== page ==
“A design system is the product of your design work. You don’t have to bite everything off at once — what’s the quick win to get to the foundations of your product? Find the sweet spot.” — Brad Frost
Because we didn‘t include many "non-development" aspects we mostly referenced to the pattern library instead of the design system. A pattern library is also known as front-end style guide, UI library, or component library.
After our initial effort in setting up the basics of the design system we were very pleased to see how easy it was to create pages. Redesigning your website(s) or application(s) will never be the same again. It doesn’t matter whether you have 30,000 or 100 pages. In reality, those 30,000 pages may consist of three content types and two overarching layouts.
“We’re not designing pages, we’re designing systems of components.” — Stephen Hay
In short, a design system has the following ingredients:
- Tangible User Interface (UI) Components
- Guidelines for using those components
By mixing and matching components you can get to totally new layouts. This makes it possible to free up designers and developers for more worthwhile work.
By connecting your ongoing product design work with the evolution of your design system, each iteration over the components of your design system results in a sturdier, more flexible, resilient more powerful system.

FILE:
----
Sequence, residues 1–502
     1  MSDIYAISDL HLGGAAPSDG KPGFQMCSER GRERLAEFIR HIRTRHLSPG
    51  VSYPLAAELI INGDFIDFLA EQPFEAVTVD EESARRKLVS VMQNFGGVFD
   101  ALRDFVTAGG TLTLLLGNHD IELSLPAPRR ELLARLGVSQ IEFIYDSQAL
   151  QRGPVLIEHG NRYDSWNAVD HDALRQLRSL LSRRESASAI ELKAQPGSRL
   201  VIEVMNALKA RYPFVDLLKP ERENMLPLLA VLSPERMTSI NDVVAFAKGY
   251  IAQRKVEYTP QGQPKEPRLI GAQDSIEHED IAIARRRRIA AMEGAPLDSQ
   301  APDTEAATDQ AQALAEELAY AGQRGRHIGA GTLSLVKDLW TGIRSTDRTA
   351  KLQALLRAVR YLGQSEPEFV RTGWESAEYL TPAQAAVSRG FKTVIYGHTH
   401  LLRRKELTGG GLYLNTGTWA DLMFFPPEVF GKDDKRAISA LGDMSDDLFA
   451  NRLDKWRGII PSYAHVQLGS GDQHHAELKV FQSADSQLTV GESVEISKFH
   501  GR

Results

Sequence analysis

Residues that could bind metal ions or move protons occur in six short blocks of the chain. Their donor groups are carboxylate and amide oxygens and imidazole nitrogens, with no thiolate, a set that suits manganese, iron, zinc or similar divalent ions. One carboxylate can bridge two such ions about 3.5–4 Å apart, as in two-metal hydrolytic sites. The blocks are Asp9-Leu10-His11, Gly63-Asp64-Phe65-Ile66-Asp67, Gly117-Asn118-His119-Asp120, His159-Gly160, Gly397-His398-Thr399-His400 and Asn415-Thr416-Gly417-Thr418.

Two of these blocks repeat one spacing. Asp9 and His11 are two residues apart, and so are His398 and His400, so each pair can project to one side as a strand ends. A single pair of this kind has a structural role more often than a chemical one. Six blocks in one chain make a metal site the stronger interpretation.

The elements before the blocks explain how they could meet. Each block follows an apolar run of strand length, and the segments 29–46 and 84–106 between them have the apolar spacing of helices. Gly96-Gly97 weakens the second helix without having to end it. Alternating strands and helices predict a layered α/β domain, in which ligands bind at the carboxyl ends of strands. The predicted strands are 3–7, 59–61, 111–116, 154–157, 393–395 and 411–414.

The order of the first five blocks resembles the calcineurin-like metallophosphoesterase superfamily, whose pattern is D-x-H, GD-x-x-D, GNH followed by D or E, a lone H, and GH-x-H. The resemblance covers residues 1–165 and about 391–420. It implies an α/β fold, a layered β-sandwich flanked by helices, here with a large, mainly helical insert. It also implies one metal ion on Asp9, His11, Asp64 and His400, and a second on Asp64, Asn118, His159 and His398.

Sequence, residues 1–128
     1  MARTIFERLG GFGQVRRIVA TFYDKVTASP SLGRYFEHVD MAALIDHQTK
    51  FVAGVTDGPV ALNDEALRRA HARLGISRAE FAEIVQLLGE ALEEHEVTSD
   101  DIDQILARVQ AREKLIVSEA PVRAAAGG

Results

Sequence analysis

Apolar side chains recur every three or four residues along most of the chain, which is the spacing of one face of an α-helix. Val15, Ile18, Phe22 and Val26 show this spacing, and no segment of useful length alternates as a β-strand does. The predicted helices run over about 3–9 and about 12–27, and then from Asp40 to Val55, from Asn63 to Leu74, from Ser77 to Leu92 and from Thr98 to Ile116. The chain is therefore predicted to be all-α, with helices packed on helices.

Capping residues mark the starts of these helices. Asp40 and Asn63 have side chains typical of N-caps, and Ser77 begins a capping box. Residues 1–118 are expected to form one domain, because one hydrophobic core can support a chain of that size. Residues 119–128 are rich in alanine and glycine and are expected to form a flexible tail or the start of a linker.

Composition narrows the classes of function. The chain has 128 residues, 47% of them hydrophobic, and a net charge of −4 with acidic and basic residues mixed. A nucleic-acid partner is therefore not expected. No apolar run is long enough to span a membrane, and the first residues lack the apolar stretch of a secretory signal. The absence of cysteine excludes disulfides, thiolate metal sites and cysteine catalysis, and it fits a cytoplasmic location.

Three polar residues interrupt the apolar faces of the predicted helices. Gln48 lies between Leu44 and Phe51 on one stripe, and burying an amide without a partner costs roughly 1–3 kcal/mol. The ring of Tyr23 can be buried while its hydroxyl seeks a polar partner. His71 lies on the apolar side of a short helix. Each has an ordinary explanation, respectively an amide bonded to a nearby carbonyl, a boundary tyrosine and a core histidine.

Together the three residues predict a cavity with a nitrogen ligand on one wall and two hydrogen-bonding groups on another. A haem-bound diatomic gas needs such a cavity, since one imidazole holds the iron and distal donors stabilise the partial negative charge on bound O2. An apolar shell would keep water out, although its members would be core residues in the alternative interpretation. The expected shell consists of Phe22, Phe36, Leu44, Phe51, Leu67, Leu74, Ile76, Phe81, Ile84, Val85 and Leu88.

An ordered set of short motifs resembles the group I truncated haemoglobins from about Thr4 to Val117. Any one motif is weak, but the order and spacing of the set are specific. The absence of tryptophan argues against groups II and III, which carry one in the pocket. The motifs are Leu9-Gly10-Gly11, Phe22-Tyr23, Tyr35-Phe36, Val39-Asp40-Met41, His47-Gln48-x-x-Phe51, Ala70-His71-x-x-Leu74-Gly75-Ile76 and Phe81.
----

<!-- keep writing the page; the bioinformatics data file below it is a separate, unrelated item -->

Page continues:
Development benefits permalink
- Launch work faster
- Launch higher quality work: focus shifts to accessibility, localisation, ...
- Provide a shared vocabulary
- Helps bring together different disciplines: developers > utility bar, designers > admin bar, product team > grey bar across the top
- Make testing easier
- Provide a single reference
- Future-friendly foundation:
- Iterating over time
- Quality improves over time
- Visual changes don’t mean starting all over
- Cognitive impact: same components instead of different throughout application
- Ease of use of the interface. Generally more fluent
Note: make no mistake, the user benefits list may be smaller, but it doesn’t make it less important. The current user-centered world demands good experiences.
Along the road I experienced some difficulties:
- You will need to get adoption on different layers of the organisation. It’s not enough to have your developers on board. You will need designers, business, even c-level to get aboard. Only this will ensure widespread adoption throughout your organisation.